Book II Chapters 22-25
Book II: Chapters 22-25
In the courtroom, the trial begins. Absalom tries to plead guilty to culpable homicide, since he claims he did not intend to kill. But the judge will not allow this, since the charge against Absalom is murder. Absalom then pleads not guilty, as do his two associates.
Under examination by the prosecutor, Absalom tells the story of what happened inside the house. He says that Johannes Pafuri, one of the defendants, struck a black servant over the head with an iron bar. Then a white man came into the passage. Absalom was frightened, and fired the revolver he was carrying. The judge then asks some questions of his own, particularly how Absalom came to be in possession of a revolver. The judge's questions show that he is skeptical about Absalom's insistence that he took the revolver only to frighten, not to kill. The prosecutor then resumes his questions. Absalom insists that the other two defendants are lying when they say he made up the story about their involvement when he met them by chance afterwards. He also testifies that when the police came for him, he confessed immediately, and told them where he had hidden the revolver. The court adjourns.
Meanwhile, in the wider South African world, gold has been discovered at Odendaalsrust in the Orange Free State. There is great excitement about this in Johannesburg, and people think South Africa is going to be rich again. The chapter is written mostly as a satire of the typical English-speaking white South African businessman in Johannesburg who thinks that whatever is good for business must by definition be good for everyone. The last two paragraphs, however, refute that view, making it plain that there needs to be a more equitable distribution of wealth among the people.
Jarvis returns to the house where his son was murdered, and reads another of the dead man's essays in which he describes how he plans to devote himself to South Africa, doing what is right, regardless of consequences. Once again, Jarvis is moved by what he reads.
Jarvis and his wife spend a day with their niece, Barbara Smith, in Springs. While the women are in town, Stephen Kumalo knocks at the door. Jarvis does not know who he is, only that he is a parson. Kumalo is fulfilling a request made to him by a man named Sibeko of Ndotsheni, to find out what has happened to his daughter, whom he has not heard from for a year. She went to work for the Smith family. Jarvis summons one of the servants, but he says the girl left before he came. Jarvis notices that the parson appears to be afraid of him, and inquires about it. Kumalo tells him that he is the father of the man who killed his, Jarvis's, son. Jarvis replies that he is not angry with him. Kumalo tells Jarvis that he feels deep sorrow for him. Barbara Smith then returns and says she had to send the girl away because she was brewing liquor in her room. She does not know where the girl is now. Kumalo leaves. There is a quiet warmth between him and Jarvis.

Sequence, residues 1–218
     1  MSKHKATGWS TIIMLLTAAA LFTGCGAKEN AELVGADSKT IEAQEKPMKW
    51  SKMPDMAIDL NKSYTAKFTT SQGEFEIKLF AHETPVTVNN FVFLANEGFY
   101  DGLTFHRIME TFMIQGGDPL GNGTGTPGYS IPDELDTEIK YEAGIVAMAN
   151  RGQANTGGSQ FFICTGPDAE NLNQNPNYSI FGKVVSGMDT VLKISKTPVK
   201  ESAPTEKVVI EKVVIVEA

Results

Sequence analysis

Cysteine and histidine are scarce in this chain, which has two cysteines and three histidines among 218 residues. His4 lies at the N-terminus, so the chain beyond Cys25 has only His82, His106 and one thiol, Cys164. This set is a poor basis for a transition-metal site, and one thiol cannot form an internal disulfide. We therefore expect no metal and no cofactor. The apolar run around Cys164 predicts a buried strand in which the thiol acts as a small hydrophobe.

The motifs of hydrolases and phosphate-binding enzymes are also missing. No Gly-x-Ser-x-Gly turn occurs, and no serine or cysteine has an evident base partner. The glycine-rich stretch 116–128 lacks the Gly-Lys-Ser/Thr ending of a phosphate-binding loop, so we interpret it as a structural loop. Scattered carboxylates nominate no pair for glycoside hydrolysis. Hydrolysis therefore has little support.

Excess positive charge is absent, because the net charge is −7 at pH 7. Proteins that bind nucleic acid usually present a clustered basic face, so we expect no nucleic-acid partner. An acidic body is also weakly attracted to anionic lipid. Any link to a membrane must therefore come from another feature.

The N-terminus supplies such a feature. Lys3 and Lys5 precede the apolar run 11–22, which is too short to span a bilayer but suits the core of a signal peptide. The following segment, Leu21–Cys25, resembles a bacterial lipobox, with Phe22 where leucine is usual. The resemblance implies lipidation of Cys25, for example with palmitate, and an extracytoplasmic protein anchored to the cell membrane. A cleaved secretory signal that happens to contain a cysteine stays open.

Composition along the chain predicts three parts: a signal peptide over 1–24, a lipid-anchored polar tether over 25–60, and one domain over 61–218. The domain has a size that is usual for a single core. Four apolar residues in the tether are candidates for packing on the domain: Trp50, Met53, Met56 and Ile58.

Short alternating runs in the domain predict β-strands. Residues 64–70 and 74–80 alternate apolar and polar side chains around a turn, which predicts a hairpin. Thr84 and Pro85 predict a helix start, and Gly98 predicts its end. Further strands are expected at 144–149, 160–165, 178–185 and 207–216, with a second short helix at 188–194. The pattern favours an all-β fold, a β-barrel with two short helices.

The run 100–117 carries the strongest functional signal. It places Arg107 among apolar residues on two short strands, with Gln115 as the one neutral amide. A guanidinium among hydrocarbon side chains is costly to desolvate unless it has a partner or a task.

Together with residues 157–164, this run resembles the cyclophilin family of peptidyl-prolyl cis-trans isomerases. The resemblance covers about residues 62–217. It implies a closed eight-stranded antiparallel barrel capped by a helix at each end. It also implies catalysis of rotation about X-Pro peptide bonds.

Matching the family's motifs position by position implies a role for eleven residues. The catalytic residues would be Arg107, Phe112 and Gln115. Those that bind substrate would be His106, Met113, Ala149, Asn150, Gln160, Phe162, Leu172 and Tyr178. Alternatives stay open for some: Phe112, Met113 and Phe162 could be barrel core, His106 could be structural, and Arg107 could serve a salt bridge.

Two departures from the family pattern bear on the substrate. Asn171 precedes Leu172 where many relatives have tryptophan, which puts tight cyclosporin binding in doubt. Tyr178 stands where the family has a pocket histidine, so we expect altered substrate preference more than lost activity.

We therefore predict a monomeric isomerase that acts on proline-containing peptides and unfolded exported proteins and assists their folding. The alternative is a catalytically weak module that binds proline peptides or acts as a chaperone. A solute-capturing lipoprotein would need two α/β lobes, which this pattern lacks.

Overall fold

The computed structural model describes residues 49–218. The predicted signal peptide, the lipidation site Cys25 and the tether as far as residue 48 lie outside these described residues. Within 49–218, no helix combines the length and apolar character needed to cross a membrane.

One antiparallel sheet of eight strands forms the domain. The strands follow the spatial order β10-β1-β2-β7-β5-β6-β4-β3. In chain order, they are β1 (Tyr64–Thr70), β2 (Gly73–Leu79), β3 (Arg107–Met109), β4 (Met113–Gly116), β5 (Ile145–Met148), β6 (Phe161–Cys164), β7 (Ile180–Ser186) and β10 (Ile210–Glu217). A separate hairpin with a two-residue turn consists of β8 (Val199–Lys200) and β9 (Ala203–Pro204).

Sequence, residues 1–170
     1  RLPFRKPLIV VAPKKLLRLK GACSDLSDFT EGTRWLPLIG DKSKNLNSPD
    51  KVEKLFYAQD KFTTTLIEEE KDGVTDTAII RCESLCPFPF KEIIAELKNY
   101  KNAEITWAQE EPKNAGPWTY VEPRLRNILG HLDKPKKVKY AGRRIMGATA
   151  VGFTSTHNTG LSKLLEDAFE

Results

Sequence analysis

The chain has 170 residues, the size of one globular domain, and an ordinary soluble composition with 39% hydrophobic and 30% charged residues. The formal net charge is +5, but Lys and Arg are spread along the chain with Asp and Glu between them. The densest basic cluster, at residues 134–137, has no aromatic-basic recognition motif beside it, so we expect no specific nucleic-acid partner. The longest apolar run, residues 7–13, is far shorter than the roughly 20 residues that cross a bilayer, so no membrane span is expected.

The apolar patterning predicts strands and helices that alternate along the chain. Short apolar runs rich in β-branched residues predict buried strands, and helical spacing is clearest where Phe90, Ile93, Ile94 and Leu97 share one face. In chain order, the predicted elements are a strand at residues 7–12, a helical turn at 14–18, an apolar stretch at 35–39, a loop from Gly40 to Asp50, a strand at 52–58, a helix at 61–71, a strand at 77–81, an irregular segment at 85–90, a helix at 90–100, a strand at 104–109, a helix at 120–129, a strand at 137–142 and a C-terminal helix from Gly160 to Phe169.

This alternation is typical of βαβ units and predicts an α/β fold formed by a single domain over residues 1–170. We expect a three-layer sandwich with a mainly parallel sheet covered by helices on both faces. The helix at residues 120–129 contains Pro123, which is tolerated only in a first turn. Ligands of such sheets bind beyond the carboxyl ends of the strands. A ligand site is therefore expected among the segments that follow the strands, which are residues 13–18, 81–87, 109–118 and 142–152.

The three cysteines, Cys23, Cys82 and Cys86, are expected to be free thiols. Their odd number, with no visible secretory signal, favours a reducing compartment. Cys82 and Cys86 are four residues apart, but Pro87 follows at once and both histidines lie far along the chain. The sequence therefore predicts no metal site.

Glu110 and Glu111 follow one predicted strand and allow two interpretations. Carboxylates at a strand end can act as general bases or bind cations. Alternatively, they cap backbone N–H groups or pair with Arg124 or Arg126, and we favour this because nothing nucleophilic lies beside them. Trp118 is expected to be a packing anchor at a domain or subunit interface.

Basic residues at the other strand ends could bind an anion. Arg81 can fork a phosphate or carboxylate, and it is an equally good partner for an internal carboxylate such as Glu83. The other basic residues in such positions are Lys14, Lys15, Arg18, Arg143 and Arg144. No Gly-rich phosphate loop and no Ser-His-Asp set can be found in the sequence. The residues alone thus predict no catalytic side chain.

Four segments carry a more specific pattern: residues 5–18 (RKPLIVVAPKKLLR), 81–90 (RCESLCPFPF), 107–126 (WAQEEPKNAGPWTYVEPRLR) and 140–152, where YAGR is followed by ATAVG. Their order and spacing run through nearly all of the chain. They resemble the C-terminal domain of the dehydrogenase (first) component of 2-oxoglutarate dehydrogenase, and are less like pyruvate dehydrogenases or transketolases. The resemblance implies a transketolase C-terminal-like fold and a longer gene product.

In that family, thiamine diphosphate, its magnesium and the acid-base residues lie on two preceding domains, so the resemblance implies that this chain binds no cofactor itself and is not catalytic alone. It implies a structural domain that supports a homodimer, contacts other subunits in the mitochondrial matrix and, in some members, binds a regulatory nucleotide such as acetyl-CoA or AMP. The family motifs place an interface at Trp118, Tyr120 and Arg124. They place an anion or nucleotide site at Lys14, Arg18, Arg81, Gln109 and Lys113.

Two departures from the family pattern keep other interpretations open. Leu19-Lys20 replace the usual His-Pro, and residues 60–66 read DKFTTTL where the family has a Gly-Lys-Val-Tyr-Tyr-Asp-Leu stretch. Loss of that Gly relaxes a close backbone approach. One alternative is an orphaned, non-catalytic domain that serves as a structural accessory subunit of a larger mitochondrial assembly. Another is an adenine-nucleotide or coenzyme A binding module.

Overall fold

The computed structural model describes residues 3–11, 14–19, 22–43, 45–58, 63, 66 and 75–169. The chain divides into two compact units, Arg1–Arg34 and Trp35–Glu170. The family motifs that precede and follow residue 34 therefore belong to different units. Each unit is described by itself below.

In these chapters, Paton draws on a historical event in South Africa, the discovery of gold deposits on a farm in the hamlet of Odendaalsrust in April, 1946. This discovery made front-page news in newspapers around the world. Ten miles south of Odendaalsrust, a new town called Welkom sprang up, around which the huge new gold mines were situated. To this day, gold mining is the mainstay of the local economy. Paton also mentions the name Sir Earnest Oppenheimer, describing him as "one of the great men of the mines." Oppenheimer (1880-1957), who was a German-born financier and chairman of the Anglo American Corporation at the time of the gold discovery, held enlightened views. His instructions for the building of Welkom were that it should be a town its inhabitants could be proud of, rather than a place designed only to exploit the labor of the black people.
These chapters also prepare the way for the growth in the character of Jarvis, and for the hopeful conclusion of the novel. Jarvis's meeting with Kumalo establishes a sympathy between the two men because of their shared grief.